For example, an elderly casually inexpensively dressed person carrying a Tesco bag of shopping is most likely a pensioner of not excessive financial means? Admittedly they could also be eccentric millionaires who enjoy living a simple life but it’s not unreasonable to assume the first guess is more likely to be closer to the persons actual status/circumstances. Similarly, a person dressed in smart office type attire out around midday holding a coffee/sandwich/etc in an area surrounded by commercial buildings as opposed to residential property, is most likely from some nearby offices and maybe out for lunch, etc – and hence in employment.

The last example can be ‘refined’ further? For example a conservative business suit type dressed person wearing ‘high grade’ clothing, e.g expensive shoes, high quality suit (as opposed to off the shelf polyester type affair) and seen in the vicinity of Londons legal district would more likely be a higher earning professional? (As far as women are concerned, my sharp eyed wife has in the past pointed out to me the likely wealth/access to money of passing females merely via the type/quality of their hosiery!)

Admittedly these types of deductive observations are very unscientific and a far too amateurish attempt to play Sherlock Holmes with so little to go on. Nevertheless, what I have noticed is the frequency which said balance printouts show, (1) very small balance remaining, and/or (2) the cash withdrawal was for a very small amount (e.g £10 or so).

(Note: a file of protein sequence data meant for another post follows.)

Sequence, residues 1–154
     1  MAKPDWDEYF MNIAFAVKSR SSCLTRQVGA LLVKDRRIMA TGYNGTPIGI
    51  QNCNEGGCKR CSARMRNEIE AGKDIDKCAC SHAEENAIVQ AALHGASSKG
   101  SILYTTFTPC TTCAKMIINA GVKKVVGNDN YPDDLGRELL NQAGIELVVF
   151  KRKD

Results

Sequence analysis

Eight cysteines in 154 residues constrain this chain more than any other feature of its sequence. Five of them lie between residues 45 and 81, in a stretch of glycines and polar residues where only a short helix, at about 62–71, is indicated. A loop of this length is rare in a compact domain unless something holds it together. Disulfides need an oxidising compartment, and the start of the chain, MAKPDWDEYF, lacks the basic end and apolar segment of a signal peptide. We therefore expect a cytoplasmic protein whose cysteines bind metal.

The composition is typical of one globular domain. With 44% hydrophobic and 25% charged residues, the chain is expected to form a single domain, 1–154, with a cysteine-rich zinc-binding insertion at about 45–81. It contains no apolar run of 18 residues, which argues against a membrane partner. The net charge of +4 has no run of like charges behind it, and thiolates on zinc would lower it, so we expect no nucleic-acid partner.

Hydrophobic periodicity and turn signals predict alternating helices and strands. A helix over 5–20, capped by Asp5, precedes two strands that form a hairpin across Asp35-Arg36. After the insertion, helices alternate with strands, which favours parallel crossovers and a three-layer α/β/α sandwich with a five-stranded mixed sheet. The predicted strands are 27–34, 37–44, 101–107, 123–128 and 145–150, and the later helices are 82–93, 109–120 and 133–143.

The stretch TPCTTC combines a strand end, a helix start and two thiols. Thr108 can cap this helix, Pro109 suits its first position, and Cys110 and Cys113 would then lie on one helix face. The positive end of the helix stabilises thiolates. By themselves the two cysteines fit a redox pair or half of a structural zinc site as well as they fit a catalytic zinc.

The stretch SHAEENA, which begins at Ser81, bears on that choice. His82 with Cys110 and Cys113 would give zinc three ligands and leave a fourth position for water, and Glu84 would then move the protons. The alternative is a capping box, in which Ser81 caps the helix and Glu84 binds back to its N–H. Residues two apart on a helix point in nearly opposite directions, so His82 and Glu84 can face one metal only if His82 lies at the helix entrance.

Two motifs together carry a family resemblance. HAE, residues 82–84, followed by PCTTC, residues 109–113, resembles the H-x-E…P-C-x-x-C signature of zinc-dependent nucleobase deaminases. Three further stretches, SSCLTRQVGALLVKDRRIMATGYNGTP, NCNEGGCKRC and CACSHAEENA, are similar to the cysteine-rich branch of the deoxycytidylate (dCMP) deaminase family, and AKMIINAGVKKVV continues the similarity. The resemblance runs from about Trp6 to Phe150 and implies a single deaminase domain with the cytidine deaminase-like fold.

BUT the thing that has most surprised me, to the point of doing a double take on more than one occassion, is the high proportion of such small remaining balances, and the presumed senior earnings potential status of the person (via their appearance and time/location) who had just left the scene.

On one occasion I witnessed a very dapper chap leave a balance slip behind, had a nosey look (before using the machine myself) and saw in excess of £18000 remaining balance. Just looking at his appearance and the office building he subsequently walked into across the street, this didnt surprise me. BUT this was the exception. In variably I have seen people, who look like they should have more, showing barely a few tens of pounds remaining.

Admittedly in many of these cases the card used may be just one of many banks accounts at their disposal – and these people were choosing, for whatever reason, to withdraw from the account with the lowest balance.

Yes I know some will read this and say “get a life” and “don’t be so nosey”, etc – but the point I am trying to convey is that it would seem that a great many people may be living on very thin ice financially. Are these people examples of what we read about, so many people living from one paycheck to the next?

Or maybe most of cash ppor chap cash is in his partner's account and the £18k chap just MEW and now has £180k debt ?